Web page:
WHEN Meg Simpson and Justin Byrne first saw the block of land they'd eventually call home, they knew they had to build a house that made the most of its surroundings while still suiting their quirky aesthetics.
Despite looking at a number of project homes, Mr Byrne and Ms Simpson couldn't find one that worked, so they eventually teamed up with architects Andrea Wilson and Rod Simpson to devise a unique design for their family's abode.
Mr Byrne also assumed the role of owner/builder allowing him to play a hands on role in the house's construction.
"Our brief for the architects was that we wanted to build an interesting house without it costing a fortune," he said.
While Mr Byrne co-ordinated a collection of tradespeople, a group of architecture students also pitched in with the build, keen to get first- hand experience.
The end result of everyone's hard work is a house that sits as close to nature as possible, even it's concrete slab flooring was designed to look like earth.
"We decided to do something sustainable using found and second hand material," Mr Byrne said.
The house's interior walls and ceilings were constructed from compressed rice straw which is commonly used in pre-fab housing in Asia while the house's exterior is made from rendered straw bales which have been coloured using sifted earth collected on the property.
Thanks to its hay bale insulation, the house is warm in winter and cool in summer, while a solar hot water system helps keep costs down.
Justin said the couple had always wanted a house that was conducive to family life and in the end the three bedroom house, with a separate study, proved perfect for their needs.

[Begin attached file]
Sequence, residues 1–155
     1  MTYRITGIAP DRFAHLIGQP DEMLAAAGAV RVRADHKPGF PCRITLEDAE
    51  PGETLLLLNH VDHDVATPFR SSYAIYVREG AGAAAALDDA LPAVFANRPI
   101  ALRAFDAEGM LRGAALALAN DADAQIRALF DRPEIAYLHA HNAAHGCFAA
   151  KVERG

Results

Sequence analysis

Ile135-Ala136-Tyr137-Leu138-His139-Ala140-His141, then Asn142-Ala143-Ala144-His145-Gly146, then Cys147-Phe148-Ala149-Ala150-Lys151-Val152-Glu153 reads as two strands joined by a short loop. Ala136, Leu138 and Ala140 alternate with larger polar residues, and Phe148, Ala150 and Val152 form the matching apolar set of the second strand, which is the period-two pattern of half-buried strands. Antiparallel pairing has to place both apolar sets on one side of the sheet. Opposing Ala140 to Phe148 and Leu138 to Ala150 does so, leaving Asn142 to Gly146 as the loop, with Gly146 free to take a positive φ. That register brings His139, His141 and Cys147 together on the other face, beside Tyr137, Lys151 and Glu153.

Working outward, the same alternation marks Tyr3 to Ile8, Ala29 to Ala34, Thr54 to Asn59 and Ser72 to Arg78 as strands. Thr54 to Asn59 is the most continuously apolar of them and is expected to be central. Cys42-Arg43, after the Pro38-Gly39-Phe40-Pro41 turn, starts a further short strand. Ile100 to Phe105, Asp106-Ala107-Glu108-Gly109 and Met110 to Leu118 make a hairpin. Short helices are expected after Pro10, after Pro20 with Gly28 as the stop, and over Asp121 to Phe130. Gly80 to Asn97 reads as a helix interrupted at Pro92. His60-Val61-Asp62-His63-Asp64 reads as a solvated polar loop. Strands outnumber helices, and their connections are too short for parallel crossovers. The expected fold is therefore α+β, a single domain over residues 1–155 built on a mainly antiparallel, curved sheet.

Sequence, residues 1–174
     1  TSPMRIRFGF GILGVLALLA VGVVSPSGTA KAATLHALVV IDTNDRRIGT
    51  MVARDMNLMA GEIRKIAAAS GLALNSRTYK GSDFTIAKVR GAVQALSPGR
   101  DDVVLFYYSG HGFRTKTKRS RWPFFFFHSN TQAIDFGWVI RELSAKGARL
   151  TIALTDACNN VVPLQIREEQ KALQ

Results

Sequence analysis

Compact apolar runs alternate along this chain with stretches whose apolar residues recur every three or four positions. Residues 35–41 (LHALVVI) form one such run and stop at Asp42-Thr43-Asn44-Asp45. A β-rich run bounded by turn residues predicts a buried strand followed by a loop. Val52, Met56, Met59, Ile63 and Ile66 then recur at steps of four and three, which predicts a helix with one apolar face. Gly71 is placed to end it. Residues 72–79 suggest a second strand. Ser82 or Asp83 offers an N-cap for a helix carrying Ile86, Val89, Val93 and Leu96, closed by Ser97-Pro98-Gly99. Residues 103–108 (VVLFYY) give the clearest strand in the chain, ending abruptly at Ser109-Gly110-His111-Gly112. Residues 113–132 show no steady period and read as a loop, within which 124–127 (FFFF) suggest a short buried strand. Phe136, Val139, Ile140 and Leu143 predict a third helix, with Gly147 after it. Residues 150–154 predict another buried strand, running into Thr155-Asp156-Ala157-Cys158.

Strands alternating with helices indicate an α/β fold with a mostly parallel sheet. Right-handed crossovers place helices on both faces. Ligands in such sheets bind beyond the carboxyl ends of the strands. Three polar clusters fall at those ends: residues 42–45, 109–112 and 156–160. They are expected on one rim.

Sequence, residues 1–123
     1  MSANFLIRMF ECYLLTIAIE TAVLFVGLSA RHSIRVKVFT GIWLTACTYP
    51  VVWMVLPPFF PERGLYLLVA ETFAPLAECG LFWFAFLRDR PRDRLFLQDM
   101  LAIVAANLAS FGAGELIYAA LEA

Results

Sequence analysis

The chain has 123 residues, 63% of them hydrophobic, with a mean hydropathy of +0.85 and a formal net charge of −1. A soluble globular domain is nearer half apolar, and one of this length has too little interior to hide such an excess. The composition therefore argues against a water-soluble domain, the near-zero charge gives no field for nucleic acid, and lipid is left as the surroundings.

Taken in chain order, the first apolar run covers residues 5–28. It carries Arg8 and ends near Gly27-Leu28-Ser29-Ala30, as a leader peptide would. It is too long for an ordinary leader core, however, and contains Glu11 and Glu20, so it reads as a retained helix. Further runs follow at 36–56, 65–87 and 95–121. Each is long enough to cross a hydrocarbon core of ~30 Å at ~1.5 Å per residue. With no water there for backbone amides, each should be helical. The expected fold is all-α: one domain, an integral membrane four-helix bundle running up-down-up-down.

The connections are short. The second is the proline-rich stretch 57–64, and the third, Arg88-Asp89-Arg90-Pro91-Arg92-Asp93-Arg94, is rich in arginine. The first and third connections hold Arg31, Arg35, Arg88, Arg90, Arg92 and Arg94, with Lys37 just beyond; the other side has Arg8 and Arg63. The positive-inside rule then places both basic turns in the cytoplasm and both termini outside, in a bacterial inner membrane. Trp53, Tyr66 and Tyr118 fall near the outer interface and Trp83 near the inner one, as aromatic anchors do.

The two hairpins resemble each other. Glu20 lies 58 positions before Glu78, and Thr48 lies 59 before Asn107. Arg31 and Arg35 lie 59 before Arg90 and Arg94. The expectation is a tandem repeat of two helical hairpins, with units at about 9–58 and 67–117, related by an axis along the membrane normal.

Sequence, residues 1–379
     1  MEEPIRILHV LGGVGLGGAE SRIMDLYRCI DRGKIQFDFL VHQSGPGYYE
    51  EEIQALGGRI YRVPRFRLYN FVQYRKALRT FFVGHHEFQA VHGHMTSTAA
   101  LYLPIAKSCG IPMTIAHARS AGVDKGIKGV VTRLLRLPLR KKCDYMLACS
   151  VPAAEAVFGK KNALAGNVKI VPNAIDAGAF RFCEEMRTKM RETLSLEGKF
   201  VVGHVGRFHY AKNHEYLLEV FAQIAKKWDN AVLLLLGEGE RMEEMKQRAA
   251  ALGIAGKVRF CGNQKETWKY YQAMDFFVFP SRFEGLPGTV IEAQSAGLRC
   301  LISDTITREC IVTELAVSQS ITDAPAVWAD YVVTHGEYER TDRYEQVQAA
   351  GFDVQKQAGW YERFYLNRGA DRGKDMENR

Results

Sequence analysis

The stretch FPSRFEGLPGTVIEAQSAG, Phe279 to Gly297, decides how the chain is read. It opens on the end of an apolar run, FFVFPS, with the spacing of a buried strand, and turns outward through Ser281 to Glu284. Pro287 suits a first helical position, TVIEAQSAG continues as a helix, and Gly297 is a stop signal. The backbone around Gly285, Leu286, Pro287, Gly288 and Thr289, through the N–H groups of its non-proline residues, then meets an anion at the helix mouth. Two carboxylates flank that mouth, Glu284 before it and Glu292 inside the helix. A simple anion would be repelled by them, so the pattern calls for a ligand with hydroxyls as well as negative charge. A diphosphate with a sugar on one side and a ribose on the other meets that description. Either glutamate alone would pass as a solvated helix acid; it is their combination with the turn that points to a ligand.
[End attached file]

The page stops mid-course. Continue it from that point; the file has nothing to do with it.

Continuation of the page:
The house's open plan kitchen dining and lounge room adapts well for entertaining or hanging out with family, and all the bedrooms and the bathroom are separated from the main section of the house via a series of Japanese-style sliding doors.
"When the kids come home we want to spend time with them and not be distracted by stuff," he said.
"Having a big dining table also means we can invite friends and family over to share good food and wine."
No matter where you are on the property, the views over Lidster are spectacular and include glimpses of the couple's Strawhouse Vineyard.
Sixteen years after it was built, Mr Byrne says he still loves the house, and remembers it as a great place to raise the couple's daughters, Caitlin and Ruth, both of whom have now left home to pursue their own artistic careers.
"It's a nice part of the world, it's individual ... it's our place," Mr Byrne said.